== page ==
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Salient beliefs about earthquake hazards and household preparedness


Becker, JS and Paton, D and Johnston, DM and Ronan, KR, Salient beliefs about earthquake hazards and household preparedness, Risk Analysis, 33, (9) pp. 1710-1727. ISSN 0272-4332 (2013) [Refereed Article]

Copyright Statement

Copyright 2013 Society for Risk Analysis

DOI: doi:10.1111/risa.12014


Prior research has found little or no direct link between beliefs about earthquake risk and household preparedness. Furthermore, only limited work has been conducted on how people's beliefs influence the nature and number of preparedness measures adopted. To address this gap, 48 qualitative interviews were undertaken with residents in three urban locations in New Zealand subject to seismic risk. The study aimed to identify the diverse hazard and preparedness-related beliefs people hold and to articulate how these are influenced by public education to encourage preparedness. The study also explored how beliefs and competencies at personal, social, and environmental levels interact to influence people's risk management choices. Three main categories of beliefs were found: hazard beliefs; preparedness beliefs; and personal beliefs. Several salient beliefs found previously to influence the preparedness process were confirmed by this study, including beliefs related to earthquakes being an inevitable and imminent threat, self-efficacy, outcome expectancy, personal responsibility, responsibility for others, and beliefs related to denial, fatalism, normalization bias, and optimistic bias. New salient beliefs were also identified (e.g., preparedness being a "way of life"), as well as insight into how some of these beliefs interact within the wider informational and societal context. © 2013 Society for Risk Analysis.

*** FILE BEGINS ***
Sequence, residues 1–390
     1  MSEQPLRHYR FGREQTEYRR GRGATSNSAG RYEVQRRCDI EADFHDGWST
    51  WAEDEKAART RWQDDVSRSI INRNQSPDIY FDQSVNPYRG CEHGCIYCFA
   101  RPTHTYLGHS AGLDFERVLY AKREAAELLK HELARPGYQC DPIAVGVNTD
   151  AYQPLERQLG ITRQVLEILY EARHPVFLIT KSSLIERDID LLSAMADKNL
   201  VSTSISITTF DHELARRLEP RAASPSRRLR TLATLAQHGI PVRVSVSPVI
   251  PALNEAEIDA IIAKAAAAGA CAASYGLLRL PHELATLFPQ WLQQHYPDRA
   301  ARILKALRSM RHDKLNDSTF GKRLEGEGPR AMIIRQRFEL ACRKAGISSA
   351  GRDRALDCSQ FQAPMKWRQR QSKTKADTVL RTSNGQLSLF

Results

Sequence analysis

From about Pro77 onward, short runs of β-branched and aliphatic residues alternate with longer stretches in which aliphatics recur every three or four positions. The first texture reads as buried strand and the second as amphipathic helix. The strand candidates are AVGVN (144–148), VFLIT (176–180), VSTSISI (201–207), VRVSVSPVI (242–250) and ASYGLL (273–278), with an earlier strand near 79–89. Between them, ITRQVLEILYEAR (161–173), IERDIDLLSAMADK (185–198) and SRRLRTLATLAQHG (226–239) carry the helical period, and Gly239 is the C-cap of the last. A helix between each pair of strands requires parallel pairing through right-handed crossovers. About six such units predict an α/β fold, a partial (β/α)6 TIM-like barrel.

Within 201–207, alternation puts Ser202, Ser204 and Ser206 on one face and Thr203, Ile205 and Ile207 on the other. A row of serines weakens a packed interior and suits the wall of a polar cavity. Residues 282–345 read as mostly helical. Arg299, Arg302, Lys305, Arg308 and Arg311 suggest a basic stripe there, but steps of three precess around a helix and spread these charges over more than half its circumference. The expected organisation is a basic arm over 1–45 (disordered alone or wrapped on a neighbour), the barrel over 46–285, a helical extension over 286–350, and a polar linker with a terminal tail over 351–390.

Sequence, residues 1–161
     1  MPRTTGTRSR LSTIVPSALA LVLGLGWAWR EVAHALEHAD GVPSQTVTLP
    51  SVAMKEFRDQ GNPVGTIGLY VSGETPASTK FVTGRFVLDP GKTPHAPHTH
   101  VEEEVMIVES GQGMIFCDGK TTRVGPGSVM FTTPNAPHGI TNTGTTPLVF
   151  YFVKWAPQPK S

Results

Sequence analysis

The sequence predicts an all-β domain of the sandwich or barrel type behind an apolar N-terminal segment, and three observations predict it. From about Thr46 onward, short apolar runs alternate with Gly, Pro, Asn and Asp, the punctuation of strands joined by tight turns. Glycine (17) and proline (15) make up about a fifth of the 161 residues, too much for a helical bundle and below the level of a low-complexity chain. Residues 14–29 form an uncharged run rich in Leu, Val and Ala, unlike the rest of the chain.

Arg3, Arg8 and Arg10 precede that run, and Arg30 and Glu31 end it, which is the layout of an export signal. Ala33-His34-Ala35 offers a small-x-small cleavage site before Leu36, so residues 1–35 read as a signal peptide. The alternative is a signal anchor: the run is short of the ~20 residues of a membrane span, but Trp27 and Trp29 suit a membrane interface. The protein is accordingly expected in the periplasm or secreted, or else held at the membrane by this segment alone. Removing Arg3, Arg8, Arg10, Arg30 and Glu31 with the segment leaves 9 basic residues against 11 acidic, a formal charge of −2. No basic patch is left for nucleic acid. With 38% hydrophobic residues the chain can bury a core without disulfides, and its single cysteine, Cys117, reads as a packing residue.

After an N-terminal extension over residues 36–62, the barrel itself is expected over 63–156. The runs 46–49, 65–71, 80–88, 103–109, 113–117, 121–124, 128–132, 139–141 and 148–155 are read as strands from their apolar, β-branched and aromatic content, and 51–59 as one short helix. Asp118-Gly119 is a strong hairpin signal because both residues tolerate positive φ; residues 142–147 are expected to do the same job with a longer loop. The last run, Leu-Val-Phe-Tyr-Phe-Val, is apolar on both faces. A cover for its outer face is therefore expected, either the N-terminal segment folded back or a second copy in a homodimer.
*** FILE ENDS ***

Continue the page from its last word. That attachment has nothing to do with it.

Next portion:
Item Details

Item Type:Refereed Article
Research Division:Psychology
Research Group:Social and personality psychology
Research Field:Social psychology
Objective Division:Health
Objective Group:Public health (excl. specific population health)
Objective Field:Health protection and disaster response
UTAS Author:Paton, D (Professor Douglas Paton)
ID Code:89071
Year Published:2013
Web of Science® Times Cited:99
Deposited By:Psychology
Deposited On:2014-02-24
Last Modified:2014-12-18

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